But more importantly, this is the classic bait and switch. The problem isn't capitalism. Workers don't need control of their labor and the means of production. People don't need freedom from domination, they need to be dominated by nice people. it's the same playbook I remember from my youth in the religious right. Every critique of capital was turned into a talking point for Dominionism. Workers unable to afford housing and food for their children? We just need to teach Good, Christian Values in the schools. Horrible workplace safety? That wouldn't happen in a Christian nation.

Marx wasn't right about everything, but he was right that the virtue of individual capitalists was of no account. A capitalist taking a lesser profit to treat workers better will tend to be squeezed out or acquired by someone who doesn't under the coercive law of competition, capitalism optimizes for capital. Bad systems both make (because they see no other choice) and empower bad people.

Surely, not a world without Kissinger?

I hate Section 31. Partly, this is because they're badly written. They're supposed to be diabolically clever schemers supreme waiting in every shadow, and when we actually see them, they're like children playing at being Bond villains.

But that's not the worst of it. The worst is that it's a flat denial of the possibility of an open society accountable to the people. Section 31 is Putin's claim, that there are two types of societies: those run by strongmen and those run by strongmen that pretend not to be, taken to the stars. It's possibly the most reactionary thing ever to be put under the Star Trek name.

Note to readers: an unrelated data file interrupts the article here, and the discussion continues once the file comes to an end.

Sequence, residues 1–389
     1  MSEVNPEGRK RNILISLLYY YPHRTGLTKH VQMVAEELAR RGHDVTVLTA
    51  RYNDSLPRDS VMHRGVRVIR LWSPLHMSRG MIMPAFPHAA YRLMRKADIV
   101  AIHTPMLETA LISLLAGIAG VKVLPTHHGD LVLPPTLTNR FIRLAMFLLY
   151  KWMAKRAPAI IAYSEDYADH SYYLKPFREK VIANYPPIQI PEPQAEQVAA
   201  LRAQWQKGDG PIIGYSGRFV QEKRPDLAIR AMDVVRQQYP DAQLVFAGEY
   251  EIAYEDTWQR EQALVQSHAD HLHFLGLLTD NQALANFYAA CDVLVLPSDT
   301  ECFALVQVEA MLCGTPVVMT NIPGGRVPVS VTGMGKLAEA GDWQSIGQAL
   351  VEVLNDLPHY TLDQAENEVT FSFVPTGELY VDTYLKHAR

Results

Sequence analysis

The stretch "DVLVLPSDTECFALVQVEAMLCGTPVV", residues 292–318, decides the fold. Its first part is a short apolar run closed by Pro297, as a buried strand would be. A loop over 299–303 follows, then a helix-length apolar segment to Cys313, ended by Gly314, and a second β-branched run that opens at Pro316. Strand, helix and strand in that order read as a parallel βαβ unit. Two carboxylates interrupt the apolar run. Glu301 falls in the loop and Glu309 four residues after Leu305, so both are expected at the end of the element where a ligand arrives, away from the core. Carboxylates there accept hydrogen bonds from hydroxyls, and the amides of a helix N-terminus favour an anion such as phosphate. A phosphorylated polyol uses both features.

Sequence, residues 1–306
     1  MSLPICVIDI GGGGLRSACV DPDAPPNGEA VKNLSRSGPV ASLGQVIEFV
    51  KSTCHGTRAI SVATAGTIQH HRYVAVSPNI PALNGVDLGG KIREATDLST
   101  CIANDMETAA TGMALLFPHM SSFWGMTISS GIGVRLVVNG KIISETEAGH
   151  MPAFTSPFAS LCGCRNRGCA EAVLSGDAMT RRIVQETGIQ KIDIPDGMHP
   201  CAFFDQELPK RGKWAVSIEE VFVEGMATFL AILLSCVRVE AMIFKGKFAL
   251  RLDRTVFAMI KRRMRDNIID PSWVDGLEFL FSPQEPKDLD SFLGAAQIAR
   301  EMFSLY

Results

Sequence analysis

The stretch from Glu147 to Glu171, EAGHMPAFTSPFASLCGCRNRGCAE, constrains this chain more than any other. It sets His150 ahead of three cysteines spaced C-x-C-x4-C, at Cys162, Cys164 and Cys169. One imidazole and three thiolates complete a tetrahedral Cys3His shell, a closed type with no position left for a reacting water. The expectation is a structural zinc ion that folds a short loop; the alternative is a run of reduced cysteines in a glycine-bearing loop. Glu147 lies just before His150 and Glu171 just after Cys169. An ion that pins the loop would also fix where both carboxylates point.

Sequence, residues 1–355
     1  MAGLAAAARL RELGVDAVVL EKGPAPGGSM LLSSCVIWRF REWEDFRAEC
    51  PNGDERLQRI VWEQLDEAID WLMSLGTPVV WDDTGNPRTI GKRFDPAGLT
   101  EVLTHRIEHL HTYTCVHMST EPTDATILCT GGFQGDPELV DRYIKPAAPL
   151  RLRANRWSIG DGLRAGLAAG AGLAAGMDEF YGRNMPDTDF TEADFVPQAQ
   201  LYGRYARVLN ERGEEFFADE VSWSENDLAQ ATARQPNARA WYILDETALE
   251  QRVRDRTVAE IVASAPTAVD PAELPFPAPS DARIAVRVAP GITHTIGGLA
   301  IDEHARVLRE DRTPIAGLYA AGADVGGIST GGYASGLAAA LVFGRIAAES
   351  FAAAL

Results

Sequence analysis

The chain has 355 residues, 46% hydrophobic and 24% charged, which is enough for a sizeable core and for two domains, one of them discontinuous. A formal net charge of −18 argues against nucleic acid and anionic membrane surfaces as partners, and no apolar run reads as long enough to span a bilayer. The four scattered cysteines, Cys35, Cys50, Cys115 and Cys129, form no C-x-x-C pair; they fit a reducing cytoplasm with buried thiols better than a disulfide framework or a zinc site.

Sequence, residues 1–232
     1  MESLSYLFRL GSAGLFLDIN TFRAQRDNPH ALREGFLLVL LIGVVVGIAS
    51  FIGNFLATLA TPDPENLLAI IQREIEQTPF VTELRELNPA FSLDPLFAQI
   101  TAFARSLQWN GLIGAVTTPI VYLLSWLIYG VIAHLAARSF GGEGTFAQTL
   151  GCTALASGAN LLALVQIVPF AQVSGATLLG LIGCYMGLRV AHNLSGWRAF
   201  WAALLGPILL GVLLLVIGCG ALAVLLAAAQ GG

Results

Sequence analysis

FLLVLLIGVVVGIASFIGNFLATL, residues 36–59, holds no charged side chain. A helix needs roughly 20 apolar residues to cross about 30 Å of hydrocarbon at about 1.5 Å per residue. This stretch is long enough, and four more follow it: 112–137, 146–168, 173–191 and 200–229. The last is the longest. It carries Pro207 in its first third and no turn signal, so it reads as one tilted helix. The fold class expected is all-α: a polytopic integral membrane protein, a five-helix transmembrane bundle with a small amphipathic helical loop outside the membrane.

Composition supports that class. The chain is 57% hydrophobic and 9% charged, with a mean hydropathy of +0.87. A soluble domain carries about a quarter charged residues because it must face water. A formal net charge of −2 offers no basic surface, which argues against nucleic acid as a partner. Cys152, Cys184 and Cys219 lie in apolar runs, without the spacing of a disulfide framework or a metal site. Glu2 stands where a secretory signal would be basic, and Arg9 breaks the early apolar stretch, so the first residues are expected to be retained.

People will insist that you can't have a coherent society that defends itself like the Federation without something like Section 31, but that's simply false. You can tell it's false by looking at our own history. Take Kissinger: the only thing he's actually good at is branding. He'll sell you a bill of goods labeled Realpolitik and make the same claims about how he does the things the US needs to do to Survive…

Except…the more classification falls away, the more the leaks come out, the more it becomes obvious his adventurism was the Three Stooges on a murder spree. And that's how it turns out to be with all of this stuff. Every leak, every declassification, is itself just an indictment of classification. The secrecy claimed to be needed to protect the Free People of the World turn outs to be protecting only capitalists selling weapons or looting victims and officials getting high off their own power. This isn't to say that tactics can't be kept secret for a time. I'm not saying that Churchill should have published the complete plans for D-Day in the Times of London, but D-Day became very not secret very quickly once it was executed. Any legitimate secret is short-term and available for the public to see and critique as soon as there isn't an active endeavor involving it. Similarly, this doesn't mean Starfleet Inteligence wouldn't exist, simply that their classified activities would be relatively few and be declassified relatively quickly.